### Seminar 27.10.2016: Pavol Bokes

Posted:

**Thu Oct 13, 2016 12:42 pm**Seminár z kvalitatívnej teórie diferenciálnych rovníc

Seminar on Qualitative Theory of Differential Equations

Štvrtok 27.10.2016 o 14:00, poslucháreň M-223

Pavol Bokes (KAMŠ FMFI UK):

Using asymptotic approximations of integrals to evaluate noise

in gene expression subject to negative feedback

Abstract:

Synthesis of protein molecules in randomly-timed bursts is a major contributor to noise in the expression of individual genes.

Negative feedback is a canonical example of a regulatory mechanism by which cells can control noisy gene expression.

Here we consider feedback on burst frequency, which causes protein-synthesis bursts to occur less frequently whenever

protein concentration exceeds a given threshold. We model protein dynamics by a simple drift-jump Markovian model,

which yields an explicit formula for the steady-state protein probability density function. The density can be used, in particular,

to calculate the steady-state protein moments (e.g. mean, variance) by numerical integration. In special parametric regimes,

namely in the small-noise and the low-threshold regimes, one can use asymptotic approximations of integrals to evaluate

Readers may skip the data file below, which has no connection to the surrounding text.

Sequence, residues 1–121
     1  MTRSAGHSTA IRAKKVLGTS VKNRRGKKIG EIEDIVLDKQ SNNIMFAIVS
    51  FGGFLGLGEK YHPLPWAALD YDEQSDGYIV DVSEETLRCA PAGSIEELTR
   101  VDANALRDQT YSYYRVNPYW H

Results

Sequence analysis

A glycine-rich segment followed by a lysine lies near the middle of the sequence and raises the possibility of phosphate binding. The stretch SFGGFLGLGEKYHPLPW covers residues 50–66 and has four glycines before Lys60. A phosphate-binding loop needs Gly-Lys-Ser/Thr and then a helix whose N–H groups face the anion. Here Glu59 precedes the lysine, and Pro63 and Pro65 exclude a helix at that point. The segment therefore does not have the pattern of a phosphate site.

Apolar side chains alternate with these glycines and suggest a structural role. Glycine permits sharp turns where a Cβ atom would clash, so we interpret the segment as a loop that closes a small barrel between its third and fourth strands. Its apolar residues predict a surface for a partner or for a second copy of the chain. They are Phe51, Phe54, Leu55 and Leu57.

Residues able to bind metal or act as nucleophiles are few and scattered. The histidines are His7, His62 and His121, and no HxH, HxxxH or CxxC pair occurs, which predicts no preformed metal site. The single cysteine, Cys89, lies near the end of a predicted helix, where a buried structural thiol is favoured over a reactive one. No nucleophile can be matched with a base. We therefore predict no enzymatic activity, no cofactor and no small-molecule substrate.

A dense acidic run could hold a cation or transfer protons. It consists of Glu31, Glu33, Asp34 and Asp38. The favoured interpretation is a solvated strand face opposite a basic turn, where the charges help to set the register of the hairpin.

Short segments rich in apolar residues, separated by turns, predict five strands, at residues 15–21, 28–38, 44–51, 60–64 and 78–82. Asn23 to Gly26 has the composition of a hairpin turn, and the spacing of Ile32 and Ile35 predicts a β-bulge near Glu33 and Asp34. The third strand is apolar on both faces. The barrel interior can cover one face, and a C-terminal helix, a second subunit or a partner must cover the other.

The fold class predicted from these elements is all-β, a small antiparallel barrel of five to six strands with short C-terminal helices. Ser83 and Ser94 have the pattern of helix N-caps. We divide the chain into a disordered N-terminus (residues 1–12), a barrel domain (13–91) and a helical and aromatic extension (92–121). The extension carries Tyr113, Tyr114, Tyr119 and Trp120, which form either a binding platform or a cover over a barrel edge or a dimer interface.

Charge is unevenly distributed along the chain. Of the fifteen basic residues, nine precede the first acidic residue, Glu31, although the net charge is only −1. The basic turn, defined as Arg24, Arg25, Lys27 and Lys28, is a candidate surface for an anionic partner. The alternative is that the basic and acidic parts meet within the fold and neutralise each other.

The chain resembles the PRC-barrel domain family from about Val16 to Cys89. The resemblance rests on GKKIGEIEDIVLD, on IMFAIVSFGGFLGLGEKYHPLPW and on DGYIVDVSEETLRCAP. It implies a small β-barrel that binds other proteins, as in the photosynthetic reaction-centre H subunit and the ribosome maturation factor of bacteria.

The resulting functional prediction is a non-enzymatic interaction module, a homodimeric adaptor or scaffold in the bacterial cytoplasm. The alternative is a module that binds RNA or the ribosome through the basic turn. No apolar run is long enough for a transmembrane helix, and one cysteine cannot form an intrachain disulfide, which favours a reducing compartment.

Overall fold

these moments analytically. Combining asymptotics with numerical results helps understand the effects of negative feedback

on gene-expression noise caused by protein bursting.

Seminar on Qualitative Theory of Differential Equations

Štvrtok 27.10.2016 o 14:00, poslucháreň M-223

Pavol Bokes (KAMŠ FMFI UK):

Using asymptotic approximations of integrals to evaluate noise

in gene expression subject to negative feedback

Abstract:

Synthesis of protein molecules in randomly-timed bursts is a major contributor to noise in the expression of individual genes.

Negative feedback is a canonical example of a regulatory mechanism by which cells can control noisy gene expression.

Here we consider feedback on burst frequency, which causes protein-synthesis bursts to occur less frequently whenever

protein concentration exceeds a given threshold. We model protein dynamics by a simple drift-jump Markovian model,

which yields an explicit formula for the steady-state protein probability density function. The density can be used, in particular,

to calculate the steady-state protein moments (e.g. mean, variance) by numerical integration. In special parametric regimes,

namely in the small-noise and the low-threshold regimes, one can use asymptotic approximations of integrals to evaluate

these moments analytically. Combining asymptotics with numerical results helps understand the effects of negative feedback

on gene-expression noise caused by protein bursting.